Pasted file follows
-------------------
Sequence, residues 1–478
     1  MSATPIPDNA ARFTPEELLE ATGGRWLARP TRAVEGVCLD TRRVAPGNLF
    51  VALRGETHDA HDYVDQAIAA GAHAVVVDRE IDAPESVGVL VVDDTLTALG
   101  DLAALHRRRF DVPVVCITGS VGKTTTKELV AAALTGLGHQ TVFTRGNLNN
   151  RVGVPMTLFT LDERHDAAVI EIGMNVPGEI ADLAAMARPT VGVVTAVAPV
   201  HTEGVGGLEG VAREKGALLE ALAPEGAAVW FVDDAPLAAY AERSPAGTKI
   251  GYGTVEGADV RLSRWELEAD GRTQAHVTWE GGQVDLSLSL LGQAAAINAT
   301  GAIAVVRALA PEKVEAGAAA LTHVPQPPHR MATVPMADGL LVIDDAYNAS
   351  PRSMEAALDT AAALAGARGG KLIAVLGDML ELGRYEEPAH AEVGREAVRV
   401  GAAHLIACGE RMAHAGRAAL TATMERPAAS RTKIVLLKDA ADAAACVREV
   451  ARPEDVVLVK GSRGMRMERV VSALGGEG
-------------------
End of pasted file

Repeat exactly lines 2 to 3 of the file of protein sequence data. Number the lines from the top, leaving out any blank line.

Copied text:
     1  MSATPIPDNA ARFTPEELLE ATGGRWLARP TRAVEGVCLD TRRVAPGNLF
    51  VALRGETHDA HDYVDQAIAA GAHAVVVDRE IDAPESVGVL VVDDTLTALG